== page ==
Two women became homeless after refusing a social flat near a soap factory because they had sensitive noses.
Cherie Hitchens, 58, and Joanna Morrison, 63, have been living in temporary accommodation in Dorset for a year.
The couple both have multiple disabilities, including multiple chemical sensitivity, which makes them extremely sensitive to all chemical-type odors.
So when Dorset Council offered them a bungalow a mile from the Lush soap factory, they had no choice but to refuse.
Cherie told Dorset Live: “They evicted us because we said no to a permanent bungalow in Upton.
“We said no to it because it was right next to the roadway, there were a lot of Lush smells, a lot of people worked for Lush – we are allergic to scented products, they make us very sick.
“Also the problem with the bungalow was that they said if we didn’t stay there for five years we had to pay for all the handicap adaptations.”
Cherie and Joanna are both part-time wheelchair users.
Joanna also suffers from asthma and diabetes while Cherie also suffers from spinal stenosis, Graves’ disease and has recently recovered from cancer.
As of 2020, they were living together in Upton, but were moved to a hotel when the council-funded home became unavailable.
They were then moved to a temporary home for a year before being offered the new “unsuitable” bungalow.
Cherie said: “We had to do an assessment, their opinion and our opinion on why we couldn’t take the bungalow in Upton. We did it. They [the council] says you should have taken it.
“We looked in Devon, Hampshire, Wiltshire, Cornwall and Dorset, obviously, to start with. They’re driving us out of Dorset.
“We can’t go to places that have very well-known perfume shops and factories – we can’t get near them, and they’re everywhere.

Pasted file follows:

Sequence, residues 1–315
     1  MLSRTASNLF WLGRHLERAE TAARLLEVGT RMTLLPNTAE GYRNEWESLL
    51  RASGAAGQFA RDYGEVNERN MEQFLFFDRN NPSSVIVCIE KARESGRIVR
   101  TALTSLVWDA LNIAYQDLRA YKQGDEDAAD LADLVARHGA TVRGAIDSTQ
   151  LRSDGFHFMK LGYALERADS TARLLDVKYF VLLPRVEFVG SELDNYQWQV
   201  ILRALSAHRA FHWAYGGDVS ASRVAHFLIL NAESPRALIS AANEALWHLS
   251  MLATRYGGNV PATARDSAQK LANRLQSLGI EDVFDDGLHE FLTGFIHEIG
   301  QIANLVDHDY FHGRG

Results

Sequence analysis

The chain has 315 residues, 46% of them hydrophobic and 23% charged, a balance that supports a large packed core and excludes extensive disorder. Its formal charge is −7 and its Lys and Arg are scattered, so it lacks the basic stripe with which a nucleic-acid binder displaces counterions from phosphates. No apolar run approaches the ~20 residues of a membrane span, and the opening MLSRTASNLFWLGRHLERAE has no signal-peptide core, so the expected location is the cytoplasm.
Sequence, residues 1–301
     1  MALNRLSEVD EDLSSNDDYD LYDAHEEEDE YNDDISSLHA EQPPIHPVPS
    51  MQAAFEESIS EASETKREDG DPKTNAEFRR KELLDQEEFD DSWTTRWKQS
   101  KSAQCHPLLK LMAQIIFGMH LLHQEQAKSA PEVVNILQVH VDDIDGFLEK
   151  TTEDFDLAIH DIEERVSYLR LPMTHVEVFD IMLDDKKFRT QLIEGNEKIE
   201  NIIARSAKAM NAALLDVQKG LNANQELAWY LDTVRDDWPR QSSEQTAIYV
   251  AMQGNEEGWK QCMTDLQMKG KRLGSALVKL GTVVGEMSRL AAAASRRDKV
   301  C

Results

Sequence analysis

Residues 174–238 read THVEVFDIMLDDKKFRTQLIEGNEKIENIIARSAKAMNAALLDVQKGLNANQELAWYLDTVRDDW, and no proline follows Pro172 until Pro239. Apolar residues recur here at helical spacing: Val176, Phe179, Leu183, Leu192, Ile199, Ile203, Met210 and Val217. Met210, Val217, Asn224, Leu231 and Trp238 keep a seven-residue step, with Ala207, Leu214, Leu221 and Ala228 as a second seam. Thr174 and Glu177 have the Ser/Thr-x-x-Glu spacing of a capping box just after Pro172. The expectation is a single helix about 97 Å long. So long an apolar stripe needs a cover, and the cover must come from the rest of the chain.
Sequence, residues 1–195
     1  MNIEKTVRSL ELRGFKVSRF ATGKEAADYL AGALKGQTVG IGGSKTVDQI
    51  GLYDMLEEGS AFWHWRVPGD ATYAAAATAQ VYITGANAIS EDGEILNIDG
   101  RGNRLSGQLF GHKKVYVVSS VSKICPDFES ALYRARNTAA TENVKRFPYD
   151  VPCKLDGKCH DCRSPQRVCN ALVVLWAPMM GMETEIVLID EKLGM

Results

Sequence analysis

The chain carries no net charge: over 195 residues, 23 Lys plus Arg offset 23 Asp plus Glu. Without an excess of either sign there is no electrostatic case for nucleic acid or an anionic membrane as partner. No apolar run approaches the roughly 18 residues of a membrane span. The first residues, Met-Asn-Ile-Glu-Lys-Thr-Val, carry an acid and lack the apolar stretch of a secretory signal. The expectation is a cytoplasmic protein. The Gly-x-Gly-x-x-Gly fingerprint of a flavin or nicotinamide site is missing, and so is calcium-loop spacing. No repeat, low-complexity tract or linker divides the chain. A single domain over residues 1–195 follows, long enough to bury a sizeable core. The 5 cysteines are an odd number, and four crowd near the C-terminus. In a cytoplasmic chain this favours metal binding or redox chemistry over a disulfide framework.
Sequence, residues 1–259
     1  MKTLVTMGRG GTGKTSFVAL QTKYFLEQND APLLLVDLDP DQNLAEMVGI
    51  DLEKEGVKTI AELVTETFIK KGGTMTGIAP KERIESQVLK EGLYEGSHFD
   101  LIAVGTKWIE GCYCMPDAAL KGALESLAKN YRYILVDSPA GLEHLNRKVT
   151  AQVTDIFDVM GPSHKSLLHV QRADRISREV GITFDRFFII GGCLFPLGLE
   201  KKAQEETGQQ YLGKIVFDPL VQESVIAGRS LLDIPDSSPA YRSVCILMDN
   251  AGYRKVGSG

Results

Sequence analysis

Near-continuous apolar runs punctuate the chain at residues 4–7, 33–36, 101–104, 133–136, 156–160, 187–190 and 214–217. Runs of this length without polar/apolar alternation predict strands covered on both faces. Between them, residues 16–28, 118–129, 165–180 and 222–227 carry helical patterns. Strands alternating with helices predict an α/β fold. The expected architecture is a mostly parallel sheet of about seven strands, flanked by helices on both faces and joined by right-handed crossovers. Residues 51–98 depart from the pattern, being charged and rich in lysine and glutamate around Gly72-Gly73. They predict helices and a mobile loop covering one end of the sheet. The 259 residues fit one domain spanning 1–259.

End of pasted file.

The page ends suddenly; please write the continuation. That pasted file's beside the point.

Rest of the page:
“We looked at three properties out of a lot that I saw. We wanted three, but one landlord said, “no, housing assistance.”
“They believe what’s on TV – that we’re all scum and just tampering with the system.
“We’re not. It’s not our fault we had these crashes — it’s not our fault we have to rely on benefits. We rely on credit cards now – I’m almost maxed out.
Cherie claims the couple were evicted from their temporary home on January 26 and are now staying at a hotel out of their own pocket.
But once their money runs out, Cherie and Joanna will be homeless.
Cherie said: “They expect us to do couch surfing, they expect us to have friends and family. But they use scented products!
“We used to use scented products – we had nice incense sticks, you know? We couldn’t live there.
“[Joanna’s] suffered enough. She’s almost 64 — she doesn’t deserve this, we don’t deserve this. No disabled person deserves this – the way we are treated.
Cherie added: ‘We were looking for a three bedroom detached bungalow, with a shower room, with a garage, no woodstoves, no VOC paint, not recently renovated, no new carpets and not near any roadways, factories or industrial areas. That’s what we want.
“It’s not easy – of course we are part-time wheelchair users, and I’m going to be paralyzed in a few years from my spinal cord narrowing.”
A spokesman for Dorset Council said: ‘The council is unable to go into the details of individual cases.
“However, there is a very clear legal procedure that the council must follow in order to offer residents a suitable property.
This story originally appeared on The Sun and has been reproduced here with permission.